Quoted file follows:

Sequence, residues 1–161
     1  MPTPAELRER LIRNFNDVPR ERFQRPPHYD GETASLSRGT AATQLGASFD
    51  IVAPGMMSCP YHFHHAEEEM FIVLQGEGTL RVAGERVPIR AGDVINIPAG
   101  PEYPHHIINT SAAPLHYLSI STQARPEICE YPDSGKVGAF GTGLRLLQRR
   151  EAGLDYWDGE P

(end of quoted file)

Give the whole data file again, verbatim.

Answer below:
Sequence, residues 1–161
     1  MPTPAELRER LIRNFNDVPR ERFQRPPHYD GETASLSRGT AATQLGASFD
    51  IVAPGMMSCP YHFHHAEEEM FIVLQGEGTL RVAGERVPIR AGDVINIPAG
   101  PEYPHHIINT SAAPLHYLSI STQARPEICE YPDSGKVGAF GTGLRLLQRR
   151  EAGLDYWDGE P